-There was no line at the Mexican food area. I don’t understand why. It looked tasty enough. People seem to like nachos and burritos and such. I guess it’s not great ballpark food, because no one enjoys making visits to ballpark restroom stalls. (on that topic.. I figured if I was ever going to deuce at a baseball stadium, this was the night to do it. The bathrooms had never been used before, so in theory, the stalls should have been pristine. But, I went in and took a look around the 2nd inning, and it was already too late. That is an experience I will simply never cross off my bucket list.)
In addition to all the concession stands, there are three sports bar and grills, a fourth bar, and a Hard Rock Cafe. You need special tickets to get into a couple of the sports bars, and the other one had a really long line, but the Tommy Bahama bar on the second level is open and relatively roomy. There’s also a steakhouse, though I think you have to enter it from outside.
There is a Yankee museum, a Peter Max Yankee art gallery, a Steiner sports collectibles gallery, and two HUGE team stores.Â Also souvenir stands all over the place.
I sat in section 405, which is the last section of the upper deck in right field. Definitely nosebleed seats. But I still had a pretty good view of the action, though deep right field was out of my view.Â I also found something of design flaw. The tunnel leading up to the section has stairs on both sides, but one of them emptied out in front of a seat. So people would walk into the section and have nowhere to go, until they turned around. It’s not a huge annoyance for the people walking up and down the steps, but the guy sitting in that seat had confused people standing in front of him all night.
The actual field of play has the exact same dimensions as the old stadium, though there is less foul territory behind homeplate and in the left field corner. That means, once you sit down and start watching the game, you can’t tell much of a difference from past years.
The scoreboard, however, is miles and miles beyond the one across the street. The centerpiece is a huge video screen, with a smaller screen on either side. One of the smaller ones shows the lineups for both teams, along with partial box scores. The other one shows out of town scores, complete with who’s at bat in each game, how many men are on base, andÂ a pitch by pitch count. There’s also a small manual scoreboard at field level in left field.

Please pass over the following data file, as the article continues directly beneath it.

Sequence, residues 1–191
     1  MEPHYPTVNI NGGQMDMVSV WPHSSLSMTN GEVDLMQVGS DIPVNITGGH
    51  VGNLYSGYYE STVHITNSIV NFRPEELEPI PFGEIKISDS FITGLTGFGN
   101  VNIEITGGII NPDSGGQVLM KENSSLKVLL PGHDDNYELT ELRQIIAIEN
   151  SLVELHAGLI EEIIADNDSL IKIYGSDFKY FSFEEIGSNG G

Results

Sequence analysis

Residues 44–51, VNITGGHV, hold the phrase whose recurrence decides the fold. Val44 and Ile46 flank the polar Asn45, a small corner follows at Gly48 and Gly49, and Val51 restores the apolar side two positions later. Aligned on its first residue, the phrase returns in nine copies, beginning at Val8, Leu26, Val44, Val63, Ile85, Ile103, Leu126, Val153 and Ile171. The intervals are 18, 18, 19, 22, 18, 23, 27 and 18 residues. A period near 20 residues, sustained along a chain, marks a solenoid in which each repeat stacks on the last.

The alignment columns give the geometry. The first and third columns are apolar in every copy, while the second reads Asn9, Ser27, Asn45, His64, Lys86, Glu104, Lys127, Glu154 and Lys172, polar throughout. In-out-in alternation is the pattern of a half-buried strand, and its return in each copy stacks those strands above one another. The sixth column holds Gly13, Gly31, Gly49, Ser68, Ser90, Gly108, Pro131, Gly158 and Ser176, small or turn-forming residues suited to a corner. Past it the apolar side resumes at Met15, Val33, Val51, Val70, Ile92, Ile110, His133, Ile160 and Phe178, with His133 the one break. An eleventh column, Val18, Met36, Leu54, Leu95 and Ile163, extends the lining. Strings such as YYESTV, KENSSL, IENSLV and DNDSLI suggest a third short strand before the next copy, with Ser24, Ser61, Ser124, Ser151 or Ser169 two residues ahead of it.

The seats are wider and there is more leg room.
There are many more bathrooms for both men and women.
As has been widely reported, the longtime voice of Yankee Stadium, Bob Sheppard is not yet manning the public address mic in the new building, and there is a good chance the 98 year old will never return. That makes a huge difference. His voice drips with gravity and class, and stands out from every other run of the mill PA person in ballparks throughout the country. His replacement on this nice was Paul Olden, a perfectly acceptable broadcaster who actually did Yankee games on TV for a couple of years in the 90’s. He’s also done PA work at lots of stadiums and was the voice of the Superbowl for many years. Still, he is not Bob Sheppard.Â The generic voice making the announcements took something away from the experience. (Derek Jeter is still introduced by Bob Sheppard. They play a tape every time the captain comes to the plate. Just the latest example of how Jeter “gets it.”)
I bought a program, since I figured this is a pretty historic occasion.Â Â Its been many years since I’ve bought a program at a game. They now cost 10 dollars, but they still come with those little pencilsÂ so you can keep score. One problem, though. My program did not have a scorecard insert. I don’t know if they were all lacking that, or just mine. Either way, it was a little disappointing. (On a side note… Fathers, please teach your sons and daughters how to score a baseball game. It’s a great little tradition. It’s uniquely American. And it keeps them involved in the game, which in turn, prevents them from getting bored and asking for more ice cream.Â I think baseball scorecards may actually be an interesting solution to the childhood obesity epidemic. That is also uniquely American. See also: they ran out of hamburgers in the third inning.)
So, that’s it. It’s a great building that gives you plenty to do, but keeps you involved in the game. The experience wasn’t perfect, but no experience ever is. Plus, it was the first night, and they have lots of time to work out the kinks.
(I didn’t take these pictures. My shitty camera phone was not up to the task. They are from here.)